Industrial decarbonisation

Industry, which includes mining, manufacturing and construction, is responsible for almost half of Australia’s emissions when the use of electricity is factored in.

Electricity use or direct fuel combustion is responsible for half of all industry emissions. ​​When electricity use is excluded, this number drops to around 34%.

The process of creating cement, iron or steel from raw materials is extremely varied and energy intensive. This makes industry one of the toughest sectors to decarbonise with a variety of solutions. Renewable electricity and full electrification offers the possibility of achieving zero emissions for industry sectors such as aluminium, iron and steel manufacturing, and other light manufacturing. Other industries such as thermal coal, oil and gas extraction are at odds with a safe climate future, and will need to be phased out as a matter of urgency. 

At the same time, new opportunities are arising for the mining industry, and other industries, in Australia. Skyrocketing demand for batteries, electric vehicles, and renewable energy technologies in the global race to net zero will drive increased demand for Australia’s critical minerals – including lithium, cobalt, and rare earths.

Powering Australia’s economy with low-cost and abundant renewable energy will also boost overall economic productivity, and unlock significant opportunities for Australia to become one of the world’s biggest exporters of other decarbonised commodities, including renewable hydrogen and green steel.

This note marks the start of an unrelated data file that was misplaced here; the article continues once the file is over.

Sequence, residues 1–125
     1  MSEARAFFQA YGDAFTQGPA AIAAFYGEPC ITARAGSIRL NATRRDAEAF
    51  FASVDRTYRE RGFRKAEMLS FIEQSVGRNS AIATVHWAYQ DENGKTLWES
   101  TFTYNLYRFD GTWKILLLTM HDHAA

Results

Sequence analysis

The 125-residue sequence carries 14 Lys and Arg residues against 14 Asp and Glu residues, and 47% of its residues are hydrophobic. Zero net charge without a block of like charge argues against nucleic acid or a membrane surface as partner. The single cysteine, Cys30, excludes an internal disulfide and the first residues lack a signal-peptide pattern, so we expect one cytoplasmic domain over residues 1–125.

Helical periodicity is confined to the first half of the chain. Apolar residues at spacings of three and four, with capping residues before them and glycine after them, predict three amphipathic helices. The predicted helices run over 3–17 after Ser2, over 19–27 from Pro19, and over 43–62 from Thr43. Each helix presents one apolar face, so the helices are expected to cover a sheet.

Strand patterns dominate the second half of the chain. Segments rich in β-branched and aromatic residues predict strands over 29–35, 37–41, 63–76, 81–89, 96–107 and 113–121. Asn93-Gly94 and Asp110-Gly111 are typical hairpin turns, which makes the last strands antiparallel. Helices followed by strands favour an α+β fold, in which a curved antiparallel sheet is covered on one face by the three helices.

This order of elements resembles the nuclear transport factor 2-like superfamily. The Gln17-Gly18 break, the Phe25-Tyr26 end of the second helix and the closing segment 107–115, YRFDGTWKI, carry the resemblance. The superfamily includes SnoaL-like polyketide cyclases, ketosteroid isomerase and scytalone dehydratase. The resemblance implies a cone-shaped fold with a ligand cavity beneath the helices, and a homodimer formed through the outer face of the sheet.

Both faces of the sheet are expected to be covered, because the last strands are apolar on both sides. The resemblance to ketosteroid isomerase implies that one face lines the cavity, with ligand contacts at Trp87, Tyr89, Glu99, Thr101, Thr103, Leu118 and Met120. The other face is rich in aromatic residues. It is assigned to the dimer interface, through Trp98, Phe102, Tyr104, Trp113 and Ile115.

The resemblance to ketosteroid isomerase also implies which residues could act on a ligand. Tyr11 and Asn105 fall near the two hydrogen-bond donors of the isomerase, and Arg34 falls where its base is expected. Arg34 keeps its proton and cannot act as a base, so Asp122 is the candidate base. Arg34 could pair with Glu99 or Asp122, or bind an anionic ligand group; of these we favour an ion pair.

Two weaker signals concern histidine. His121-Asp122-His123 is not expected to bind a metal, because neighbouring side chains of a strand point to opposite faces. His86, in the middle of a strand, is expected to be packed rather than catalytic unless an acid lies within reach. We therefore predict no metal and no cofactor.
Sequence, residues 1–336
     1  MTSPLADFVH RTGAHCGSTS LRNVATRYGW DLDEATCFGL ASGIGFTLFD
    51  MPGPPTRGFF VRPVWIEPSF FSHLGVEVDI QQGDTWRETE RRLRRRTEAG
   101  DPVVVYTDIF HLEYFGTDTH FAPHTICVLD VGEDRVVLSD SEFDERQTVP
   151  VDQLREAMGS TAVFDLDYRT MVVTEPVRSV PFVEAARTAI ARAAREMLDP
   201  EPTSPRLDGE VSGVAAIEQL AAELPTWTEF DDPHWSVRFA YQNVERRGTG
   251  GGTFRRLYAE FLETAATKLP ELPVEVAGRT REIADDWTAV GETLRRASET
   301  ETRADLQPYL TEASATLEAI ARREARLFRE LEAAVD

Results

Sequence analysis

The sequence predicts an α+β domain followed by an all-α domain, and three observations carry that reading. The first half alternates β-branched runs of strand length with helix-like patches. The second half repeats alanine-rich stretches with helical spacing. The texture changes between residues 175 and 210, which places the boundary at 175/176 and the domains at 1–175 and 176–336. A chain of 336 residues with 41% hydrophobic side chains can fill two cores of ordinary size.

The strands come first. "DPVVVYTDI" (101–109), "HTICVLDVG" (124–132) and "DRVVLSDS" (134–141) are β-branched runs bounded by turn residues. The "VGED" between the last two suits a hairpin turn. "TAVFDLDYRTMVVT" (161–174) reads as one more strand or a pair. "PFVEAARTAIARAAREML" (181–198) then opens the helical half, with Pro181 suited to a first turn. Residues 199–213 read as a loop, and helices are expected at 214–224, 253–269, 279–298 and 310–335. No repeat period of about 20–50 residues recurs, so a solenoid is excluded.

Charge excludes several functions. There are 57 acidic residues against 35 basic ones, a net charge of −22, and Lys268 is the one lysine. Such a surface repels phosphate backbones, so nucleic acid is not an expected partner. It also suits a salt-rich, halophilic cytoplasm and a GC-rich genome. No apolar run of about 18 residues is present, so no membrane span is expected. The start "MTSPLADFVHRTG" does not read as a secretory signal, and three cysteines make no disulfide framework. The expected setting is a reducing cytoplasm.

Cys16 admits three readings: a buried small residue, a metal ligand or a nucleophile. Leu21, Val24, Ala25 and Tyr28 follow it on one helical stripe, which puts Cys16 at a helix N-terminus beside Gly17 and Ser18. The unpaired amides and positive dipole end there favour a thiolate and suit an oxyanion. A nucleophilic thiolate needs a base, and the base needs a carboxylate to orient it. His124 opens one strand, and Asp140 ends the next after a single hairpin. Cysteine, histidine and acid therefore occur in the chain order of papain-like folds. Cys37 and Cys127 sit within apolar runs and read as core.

Ensure major polluters

do their fair share

The Safeguard Mechanism is intended to manage Australia’s biggest industry polluters, who are responsible for around a quarter of Australia’s total emissions.

In principle, the mechanism does this by setting a baseline limit on how much carbon pollution can be emitted by a facility in a single year. Policing of this mechanism has been poor since its creation by the former Liberal National government in 2014, and no company has ever been penalised for exceeding their baseline despite one in five fossil fuel companies repeatedly doing so. 

A well-designed Safeguard Mechanism can make sure big polluting industry starts doing its fair share in reducing Australia’s emissions. Significant design changes, good will and increased ambition from big industrial polluters are all needed to get emissions down in this sector. 

What needs to happen by 2030?

The Federal Government must clearly identify skills shortages for the energy transition and provide funding for university, technical and vocational training courses to fill these gaps. This assessment should inform the detail around their pledge of $100 million to create 10,000 New Energy Apprenticeships and the National Skills Agreement that’s in the process of being designed.

What are the benefits?

Rapidly cutting pollution: Modelling conducted prior to the 2022 federal election showed tightening the Safeguard Mechanism could prevent 213 million tonnes of greenhouse gas emissions this decade. That's about the same as the emissions saved this decade if we shut four coal-fired power stations today

New jobs: The same modelling found that redesigning the Safeguard Mechanism to ensure major polluters do their fair share would create an estimated 1600 new jobs by 2030, with 5 out of 6 of these jobs rurally located

Setting a precedent: A well-operating Safeguard Mechanism will set Australia's largest emitters on a path away from fossil fuels and help future-proof jobs within Australian industry

Case Study

The Kitimat aluminium smelter in British Columbia, Canada, shows how big industry can go clean and green to keep providing jobs and critical materials in a zero emissions future.

The smelter is powered by clean, renewable hydropower, allowing it to produce around 420,000 tonnes of aluminium each year and employ over 1,000 people while creating far fewer harmful emissions than a regular smelter.